Weber‘s Der Freischütz has been well-served over the years, with perhaps Carlos Kleiber's DG recording topping the list (and Kubelík closely bringing up the rear). One should not forget Kleiber père (with a cast that includes Elisabeth Grümmer) and Eugen Jochim on DG (with Irmgard Seefried). More recently, there has been a push towards period instrument performances, spearheaded by the excellent (albeit trunctaed) Insula Orchestra under Laurence Equilbey on Warner on their The Freischütz Project, while Marek Janowski on Pentatone boasts Lise Davidsen at the head of a fine cast.
The period instrument aspect seems to foreground the composer's imagination: Weber's use of the orchestra is nothing less than inspired. Weber's opera, to a libretto by Friedrich Kind 9itself based on a story by Friedrich August Apel and Friedrich Laun). The plot includes everything that could be construed as archetypically Romantic:its emphasis on Nature and the supernatural (in particular the Wolf's Glen scene), magic (the magic bullet), a hermit (Wanderer, anyone?) and a shooting contest, all wrapped up in the idyllic, if troubled, love of Max and Agathe. Jacobs' Freiburg strings (8:7:5:4:4) bring translucency and detail to the performance.
Jacobs has ingeniously made alterations to what one might expect from the Kleiber or Kubelík performances: most immediately, the second track, “Allerbarmen,” for the Hermit. This is absent on other recordings, and certainly allows for the Hermit’s appearance later in the opera to make much more sense. Jacos uses music from the Adagio of the Overture plus the main theme of the Hermit's deus ex machina appearance in the finale:
Jacobs and abridged Insula share Christian Immler as the Hermit, a singer much in demand today and of huge expressive power. After this section, there follows a duet for the Hermit and Agathe transposed from the final scene:
... before we light on more familiar territory, the chorus “Viktoria,” here in a wondrously vital performance:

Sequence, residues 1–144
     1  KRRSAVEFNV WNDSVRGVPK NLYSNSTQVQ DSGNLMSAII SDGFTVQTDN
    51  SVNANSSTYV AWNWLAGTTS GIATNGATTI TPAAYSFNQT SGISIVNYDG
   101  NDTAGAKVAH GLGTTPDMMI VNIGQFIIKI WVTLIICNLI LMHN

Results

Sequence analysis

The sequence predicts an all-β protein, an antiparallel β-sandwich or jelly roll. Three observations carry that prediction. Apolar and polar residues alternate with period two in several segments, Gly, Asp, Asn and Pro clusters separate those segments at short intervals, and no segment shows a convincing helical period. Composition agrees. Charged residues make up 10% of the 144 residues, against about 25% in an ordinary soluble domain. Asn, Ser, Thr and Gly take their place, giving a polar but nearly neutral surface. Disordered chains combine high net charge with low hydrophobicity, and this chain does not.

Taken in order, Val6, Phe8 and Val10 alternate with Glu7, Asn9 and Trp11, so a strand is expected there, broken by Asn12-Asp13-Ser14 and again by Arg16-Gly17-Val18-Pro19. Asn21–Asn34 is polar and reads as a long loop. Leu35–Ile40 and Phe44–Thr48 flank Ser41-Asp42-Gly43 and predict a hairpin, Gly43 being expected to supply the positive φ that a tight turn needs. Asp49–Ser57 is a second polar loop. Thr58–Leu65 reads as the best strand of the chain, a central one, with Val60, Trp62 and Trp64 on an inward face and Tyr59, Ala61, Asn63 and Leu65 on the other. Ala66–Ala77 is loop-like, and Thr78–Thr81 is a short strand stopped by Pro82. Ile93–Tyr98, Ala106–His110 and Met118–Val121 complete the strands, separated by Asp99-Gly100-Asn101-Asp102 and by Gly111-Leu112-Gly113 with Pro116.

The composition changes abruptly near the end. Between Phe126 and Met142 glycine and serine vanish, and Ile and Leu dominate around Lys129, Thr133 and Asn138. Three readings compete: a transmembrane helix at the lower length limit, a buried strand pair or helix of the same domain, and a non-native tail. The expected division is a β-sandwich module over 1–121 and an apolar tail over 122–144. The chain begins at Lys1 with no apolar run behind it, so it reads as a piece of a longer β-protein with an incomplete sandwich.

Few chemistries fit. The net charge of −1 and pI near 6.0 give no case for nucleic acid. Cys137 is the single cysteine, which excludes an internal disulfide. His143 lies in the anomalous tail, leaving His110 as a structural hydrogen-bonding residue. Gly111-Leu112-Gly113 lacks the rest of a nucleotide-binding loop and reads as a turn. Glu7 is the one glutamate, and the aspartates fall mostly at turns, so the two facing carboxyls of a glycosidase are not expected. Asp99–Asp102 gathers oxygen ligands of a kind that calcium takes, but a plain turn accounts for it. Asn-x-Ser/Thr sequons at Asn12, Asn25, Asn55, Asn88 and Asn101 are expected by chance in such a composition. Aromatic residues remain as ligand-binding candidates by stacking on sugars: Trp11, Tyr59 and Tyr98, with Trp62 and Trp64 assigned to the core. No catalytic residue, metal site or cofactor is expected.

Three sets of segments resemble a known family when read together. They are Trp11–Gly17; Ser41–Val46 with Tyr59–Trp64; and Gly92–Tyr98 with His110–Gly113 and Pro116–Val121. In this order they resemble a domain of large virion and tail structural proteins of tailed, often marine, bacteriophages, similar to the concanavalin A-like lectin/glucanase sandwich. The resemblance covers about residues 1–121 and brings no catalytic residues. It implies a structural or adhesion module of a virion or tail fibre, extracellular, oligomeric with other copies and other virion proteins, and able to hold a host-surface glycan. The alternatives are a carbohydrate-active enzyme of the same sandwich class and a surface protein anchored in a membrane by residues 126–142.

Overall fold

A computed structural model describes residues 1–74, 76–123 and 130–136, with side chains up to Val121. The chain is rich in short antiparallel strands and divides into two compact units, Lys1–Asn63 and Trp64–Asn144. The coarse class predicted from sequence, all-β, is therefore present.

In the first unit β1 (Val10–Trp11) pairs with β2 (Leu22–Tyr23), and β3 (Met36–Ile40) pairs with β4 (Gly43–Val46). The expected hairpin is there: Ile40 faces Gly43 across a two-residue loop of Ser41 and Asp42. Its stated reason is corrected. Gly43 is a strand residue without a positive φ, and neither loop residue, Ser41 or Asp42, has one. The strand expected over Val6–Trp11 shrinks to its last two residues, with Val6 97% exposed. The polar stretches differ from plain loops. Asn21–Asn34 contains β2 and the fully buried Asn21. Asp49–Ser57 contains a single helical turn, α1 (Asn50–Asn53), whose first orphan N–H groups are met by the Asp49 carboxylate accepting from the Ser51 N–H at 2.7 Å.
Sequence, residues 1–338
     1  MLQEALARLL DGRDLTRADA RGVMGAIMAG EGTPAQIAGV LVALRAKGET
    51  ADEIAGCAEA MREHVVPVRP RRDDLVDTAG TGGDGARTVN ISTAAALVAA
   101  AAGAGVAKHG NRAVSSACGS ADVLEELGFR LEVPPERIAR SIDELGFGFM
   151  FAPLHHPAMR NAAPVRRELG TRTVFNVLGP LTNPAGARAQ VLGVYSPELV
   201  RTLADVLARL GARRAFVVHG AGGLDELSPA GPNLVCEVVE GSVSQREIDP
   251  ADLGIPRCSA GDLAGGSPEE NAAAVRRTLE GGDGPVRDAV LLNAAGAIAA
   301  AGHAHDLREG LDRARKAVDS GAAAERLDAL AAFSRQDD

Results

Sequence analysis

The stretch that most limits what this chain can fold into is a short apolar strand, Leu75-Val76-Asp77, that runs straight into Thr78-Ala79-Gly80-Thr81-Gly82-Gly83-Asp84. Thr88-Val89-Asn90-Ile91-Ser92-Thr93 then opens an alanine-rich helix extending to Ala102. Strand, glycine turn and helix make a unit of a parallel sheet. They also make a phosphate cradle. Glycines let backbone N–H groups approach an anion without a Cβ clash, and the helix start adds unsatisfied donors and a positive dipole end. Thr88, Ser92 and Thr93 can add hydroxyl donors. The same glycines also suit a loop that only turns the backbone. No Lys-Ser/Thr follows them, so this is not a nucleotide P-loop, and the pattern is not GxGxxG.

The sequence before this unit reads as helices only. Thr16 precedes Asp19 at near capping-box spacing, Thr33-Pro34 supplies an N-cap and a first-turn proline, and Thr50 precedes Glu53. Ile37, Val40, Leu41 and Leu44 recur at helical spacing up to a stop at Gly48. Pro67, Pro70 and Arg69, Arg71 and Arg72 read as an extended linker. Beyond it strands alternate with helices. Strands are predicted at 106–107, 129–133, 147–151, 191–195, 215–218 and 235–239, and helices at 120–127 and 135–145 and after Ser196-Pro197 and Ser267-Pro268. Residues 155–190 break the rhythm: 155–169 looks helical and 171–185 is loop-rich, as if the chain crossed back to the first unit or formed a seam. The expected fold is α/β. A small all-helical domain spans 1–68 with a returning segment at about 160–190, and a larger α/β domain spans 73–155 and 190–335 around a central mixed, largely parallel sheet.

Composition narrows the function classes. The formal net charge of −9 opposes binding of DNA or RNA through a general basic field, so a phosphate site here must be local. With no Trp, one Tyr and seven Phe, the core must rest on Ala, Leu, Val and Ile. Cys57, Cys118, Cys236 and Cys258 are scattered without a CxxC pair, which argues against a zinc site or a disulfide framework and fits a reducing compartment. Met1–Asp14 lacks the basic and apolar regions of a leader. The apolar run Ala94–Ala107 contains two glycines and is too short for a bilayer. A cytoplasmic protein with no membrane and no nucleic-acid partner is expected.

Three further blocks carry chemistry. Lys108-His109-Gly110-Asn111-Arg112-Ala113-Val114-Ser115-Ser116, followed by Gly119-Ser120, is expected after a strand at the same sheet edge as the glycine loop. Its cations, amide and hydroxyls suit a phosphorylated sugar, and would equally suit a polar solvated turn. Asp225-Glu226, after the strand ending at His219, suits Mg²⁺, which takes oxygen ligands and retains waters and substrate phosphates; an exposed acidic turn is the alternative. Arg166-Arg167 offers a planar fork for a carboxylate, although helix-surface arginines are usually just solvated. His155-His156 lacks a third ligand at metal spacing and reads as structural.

This is far from the only alteration: an inserted Romanze for Juno in Act 1 Scene 4 uses music from Schubert's Singspiel Des Teufels Lustschloss, for instance, and there is some restored dialogue.
Talking of expressive power, with the Overture, one can hear the sheer timbral variety Jacobs brings to teh score with the incrediblt Freiburg Baroque Orchestra. This is a magnificenltly shaded account, taking us straight into Weber's twilit world of myth:
The casting here is superb: here is Act 2's Wie naht mich schollmmer, sung by Polina Pasztircsák as Agathe:
Complementing Pasztircsák's Agathe is Kateryna Kasper's Ännchen, whose third act Romance and Aria, “Erst träumte meiner sel‘gen Base” is the epitome of Weber's style:
The Max is Maximilian Schmitt, possessed of the most remarkable tenor voice, capable of the upmost sweetness of tone, as in this Terzetto, surely one of Weber's most beautiful utterings:
The Samiel is the German actor Max Urlacher, while bass Dmitry Ivashchenko as Kaspar is superb (Ivashchenko sang Osmin in Jacobs' Entführung).
This is the most significant of modern performances of Freischütz; it would have been a hard ask to choose between this and the Equilbey had the latter been complete, however.
At the time of writing, the Jacobs box is discounted by 5% (follow the link below). Thsi is a handsome box, remniscent of opera boxes of old: full libretto with translation, plus essays, adding up to a 248-page booklet